CSCE


Also found in: Financial, Acronyms, Wikipedia.

CSCE

abbreviation for
(Military) (formerly) Conference for Security and Cooperation in Europe
Collins English Dictionary – Complete and Unabridged, 12th Edition 2014 © HarperCollins Publishers 1991, 1994, 1998, 2000, 2003, 2006, 2007, 2009, 2011, 2014
References in periodicals archive ?
On 13 November 1989 a "Draft Law on the Procedure for Soviet Citizens' Exit From and Entry Into the Soviet Union" was presented to the Supreme Soviet by Anatoli Kovalev, USSR First Deputy Foreign Minister.(63) The law was designed to make Soviet legislation consistent with the requirements of the CSCE Vienna Final Document.
CSCE became the vehicle for forcing the Soviet Union under Mikhail Gorbachev into a program of liberalization, which ultimately led to its downfall.
A bigger EU, enlarged by perhaps nine members, would work through NATO and the CSCE to bring in the Russian-led CIS as an equal partner in Europe.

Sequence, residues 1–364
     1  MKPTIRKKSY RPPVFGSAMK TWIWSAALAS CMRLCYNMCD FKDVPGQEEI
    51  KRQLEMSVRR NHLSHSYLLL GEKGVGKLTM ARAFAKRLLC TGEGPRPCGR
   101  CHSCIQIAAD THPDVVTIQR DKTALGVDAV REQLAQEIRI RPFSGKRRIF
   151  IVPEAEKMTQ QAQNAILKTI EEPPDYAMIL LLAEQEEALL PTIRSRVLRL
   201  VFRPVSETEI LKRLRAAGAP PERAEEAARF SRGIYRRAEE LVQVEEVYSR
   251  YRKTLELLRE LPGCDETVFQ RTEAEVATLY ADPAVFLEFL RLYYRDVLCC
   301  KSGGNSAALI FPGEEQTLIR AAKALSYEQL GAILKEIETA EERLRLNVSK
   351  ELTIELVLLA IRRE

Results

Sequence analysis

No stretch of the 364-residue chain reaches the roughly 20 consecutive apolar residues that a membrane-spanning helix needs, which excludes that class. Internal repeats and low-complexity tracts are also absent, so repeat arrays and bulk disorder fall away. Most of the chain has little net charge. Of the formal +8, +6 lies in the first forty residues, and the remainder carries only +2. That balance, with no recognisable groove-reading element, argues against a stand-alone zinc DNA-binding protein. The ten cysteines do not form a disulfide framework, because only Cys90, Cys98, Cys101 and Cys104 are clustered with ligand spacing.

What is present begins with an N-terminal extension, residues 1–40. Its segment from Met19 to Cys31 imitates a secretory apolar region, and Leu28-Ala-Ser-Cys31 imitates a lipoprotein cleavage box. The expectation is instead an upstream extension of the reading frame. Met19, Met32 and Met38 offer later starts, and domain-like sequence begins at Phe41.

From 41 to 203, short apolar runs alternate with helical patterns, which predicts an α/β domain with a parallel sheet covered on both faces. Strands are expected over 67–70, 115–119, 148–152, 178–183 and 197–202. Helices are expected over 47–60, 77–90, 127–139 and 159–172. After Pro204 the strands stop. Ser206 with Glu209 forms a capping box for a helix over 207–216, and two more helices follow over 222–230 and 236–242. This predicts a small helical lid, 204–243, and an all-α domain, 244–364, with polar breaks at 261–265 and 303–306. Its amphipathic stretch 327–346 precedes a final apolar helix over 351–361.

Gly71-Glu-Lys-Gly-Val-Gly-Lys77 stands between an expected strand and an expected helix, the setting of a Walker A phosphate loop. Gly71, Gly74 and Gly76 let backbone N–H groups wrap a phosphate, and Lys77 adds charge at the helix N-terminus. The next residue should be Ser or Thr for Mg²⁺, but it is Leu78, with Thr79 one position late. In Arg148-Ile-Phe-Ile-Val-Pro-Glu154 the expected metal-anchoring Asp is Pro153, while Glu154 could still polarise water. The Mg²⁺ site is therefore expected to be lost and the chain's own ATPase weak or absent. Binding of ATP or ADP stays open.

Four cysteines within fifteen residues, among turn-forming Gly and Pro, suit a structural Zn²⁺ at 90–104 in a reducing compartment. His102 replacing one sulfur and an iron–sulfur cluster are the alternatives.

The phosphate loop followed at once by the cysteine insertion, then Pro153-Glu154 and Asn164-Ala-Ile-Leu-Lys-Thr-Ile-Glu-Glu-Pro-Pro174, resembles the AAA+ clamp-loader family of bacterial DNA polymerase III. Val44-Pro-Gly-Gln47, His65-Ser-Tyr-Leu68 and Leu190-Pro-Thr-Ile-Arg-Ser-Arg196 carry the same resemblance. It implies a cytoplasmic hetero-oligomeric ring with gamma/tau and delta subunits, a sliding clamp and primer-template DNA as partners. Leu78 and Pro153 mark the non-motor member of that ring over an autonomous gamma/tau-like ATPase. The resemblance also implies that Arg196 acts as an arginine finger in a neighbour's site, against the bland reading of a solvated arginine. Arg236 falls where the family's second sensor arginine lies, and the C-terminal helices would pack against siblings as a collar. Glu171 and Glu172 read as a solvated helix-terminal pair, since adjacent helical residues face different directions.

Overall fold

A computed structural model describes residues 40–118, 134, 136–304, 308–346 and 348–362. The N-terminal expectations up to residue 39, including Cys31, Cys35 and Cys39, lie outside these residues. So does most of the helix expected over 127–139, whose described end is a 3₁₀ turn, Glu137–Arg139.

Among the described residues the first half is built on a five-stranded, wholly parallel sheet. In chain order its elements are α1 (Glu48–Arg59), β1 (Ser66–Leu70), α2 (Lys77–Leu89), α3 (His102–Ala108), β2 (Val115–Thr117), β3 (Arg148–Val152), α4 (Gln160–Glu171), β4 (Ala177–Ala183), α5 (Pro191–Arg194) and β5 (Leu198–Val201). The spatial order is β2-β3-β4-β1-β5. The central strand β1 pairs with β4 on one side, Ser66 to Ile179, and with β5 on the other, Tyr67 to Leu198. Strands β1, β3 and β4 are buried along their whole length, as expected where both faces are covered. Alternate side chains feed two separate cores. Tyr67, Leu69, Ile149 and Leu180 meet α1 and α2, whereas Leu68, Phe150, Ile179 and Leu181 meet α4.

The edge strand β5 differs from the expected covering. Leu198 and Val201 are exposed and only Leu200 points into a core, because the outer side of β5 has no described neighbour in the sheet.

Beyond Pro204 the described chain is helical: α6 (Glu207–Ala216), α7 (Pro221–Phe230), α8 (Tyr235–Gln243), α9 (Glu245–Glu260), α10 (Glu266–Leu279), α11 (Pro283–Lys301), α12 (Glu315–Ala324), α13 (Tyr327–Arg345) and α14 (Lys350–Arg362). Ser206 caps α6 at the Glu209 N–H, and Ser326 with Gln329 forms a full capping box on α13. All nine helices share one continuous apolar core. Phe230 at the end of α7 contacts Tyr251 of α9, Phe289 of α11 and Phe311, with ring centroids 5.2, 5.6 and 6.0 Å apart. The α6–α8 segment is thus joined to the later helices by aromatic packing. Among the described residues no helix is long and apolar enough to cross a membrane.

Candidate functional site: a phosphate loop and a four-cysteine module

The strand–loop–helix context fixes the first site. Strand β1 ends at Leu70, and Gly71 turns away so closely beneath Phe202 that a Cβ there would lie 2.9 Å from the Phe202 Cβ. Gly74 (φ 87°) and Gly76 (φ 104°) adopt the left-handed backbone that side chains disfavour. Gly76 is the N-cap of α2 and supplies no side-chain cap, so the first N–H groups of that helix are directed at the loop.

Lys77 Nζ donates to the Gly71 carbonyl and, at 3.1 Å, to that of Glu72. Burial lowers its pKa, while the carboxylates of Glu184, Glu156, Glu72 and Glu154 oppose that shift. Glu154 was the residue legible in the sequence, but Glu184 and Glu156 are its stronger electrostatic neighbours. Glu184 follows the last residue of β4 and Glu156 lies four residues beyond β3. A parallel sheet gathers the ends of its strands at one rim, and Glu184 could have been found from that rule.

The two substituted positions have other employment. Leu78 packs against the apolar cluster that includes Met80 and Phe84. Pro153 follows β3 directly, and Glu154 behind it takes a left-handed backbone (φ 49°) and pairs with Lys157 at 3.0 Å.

According to a delegation of the CSCE, of which Kazakhstan is a member, the poll failed to meet democratic standards.
The Helsinki Accords is the Final Act of the CSCE held in 1975.
The UN Charter, the Friendly Relations Declaration and the CSCE Final Act of 1975 were drawn upon to support this position.
Several Asia-Pacific leaders, from Kim Dae Jung to Gareth Evans, and many scholars as well have proposed turning the Six Party Talks into a kind of CSCE, the Conference on Security and Cooperation in Europe.
Lessons learned within the CSCE process can indeed provide useful points of departure in the Middle East and North Africa.
In his September 1975 retrospect, the Ambassador to Moscow, Sir Terence Garvey, acknowledged that the very calling of a Conference on Security and Co-operation in Europe (CSCE) was a triumph for the Soviets, who had first suggested this kind of meeting in the mid-1950s.
Not a few European and American scholars point to the dangers of a regional arms race, the prospects of a resurgent and aggressive China, and the consequences of the failure of the region to develop multilateral security mechanisms along the lines of CSCE or NATO.
At one point, for example, we are told that Yugoslavia shows the need for "a CSCE norm-setting institution" and that the CSCE "has failed to galvanize the political will need to shake governments out of their traditional ways of thinking" (p.